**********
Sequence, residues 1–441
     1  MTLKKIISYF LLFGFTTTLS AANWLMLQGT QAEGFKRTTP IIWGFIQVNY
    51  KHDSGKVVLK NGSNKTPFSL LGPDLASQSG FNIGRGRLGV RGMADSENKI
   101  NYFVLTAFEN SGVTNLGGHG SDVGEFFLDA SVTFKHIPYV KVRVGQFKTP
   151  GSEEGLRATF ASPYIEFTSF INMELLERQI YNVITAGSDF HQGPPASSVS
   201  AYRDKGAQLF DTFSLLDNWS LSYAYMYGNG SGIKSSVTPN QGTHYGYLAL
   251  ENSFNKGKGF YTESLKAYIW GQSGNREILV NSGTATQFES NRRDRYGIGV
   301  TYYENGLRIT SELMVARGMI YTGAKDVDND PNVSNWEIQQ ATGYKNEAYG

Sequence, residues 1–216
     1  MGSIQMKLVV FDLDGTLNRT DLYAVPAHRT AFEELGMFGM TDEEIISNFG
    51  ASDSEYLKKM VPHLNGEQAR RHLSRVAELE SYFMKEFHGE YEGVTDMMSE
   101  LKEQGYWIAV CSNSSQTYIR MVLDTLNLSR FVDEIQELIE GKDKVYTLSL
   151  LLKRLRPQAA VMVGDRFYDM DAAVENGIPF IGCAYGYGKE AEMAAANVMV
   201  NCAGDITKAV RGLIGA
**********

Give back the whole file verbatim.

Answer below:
Sequence, residues 1–441
     1  MTLKKIISYF LLFGFTTTLS AANWLMLQGT QAEGFKRTTP IIWGFIQVNY
    51  KHDSGKVVLK NGSNKTPFSL LGPDLASQSG FNIGRGRLGV RGMADSENKI
   101  NYFVLTAFEN SGVTNLGGHG SDVGEFFLDA SVTFKHIPYV KVRVGQFKTP
   151  GSEEGLRATF ASPYIEFTSF INMELLERQI YNVITAGSDF HQGPPASSVS
   201  AYRDKGAQLF DTFSLLDNWS LSYAYMYGNG SGIKSSVTPN QGTHYGYLAL
   251  ENSFNKGKGF YTESLKAYIW GQSGNREILV NSGTATQFES NRRDRYGIGV
   301  TYYENGLRIT SELMVARGMI YTGAKDVDND PNVSNWEIQQ ATGYKNEAYG

Sequence, residues 1–216
     1  MGSIQMKLVV FDLDGTLNRT DLYAVPAHRT AFEELGMFGM TDEEIISNFG
    51  ASDSEYLKKM VPHLNGEQAR RHLSRVAELE SYFMKEFHGE YEGVTDMMSE
   101  LKEQGYWIAV CSNSSQTYIR MVLDTLNLSR FVDEIQELIE GKDKVYTLSL
   151  LLKRLRPQAA VMVGDRFYDM DAAVENGIPF IGCAYGYGKE AEMAAANVMV
   201  NCAGDITKAV RGLIGA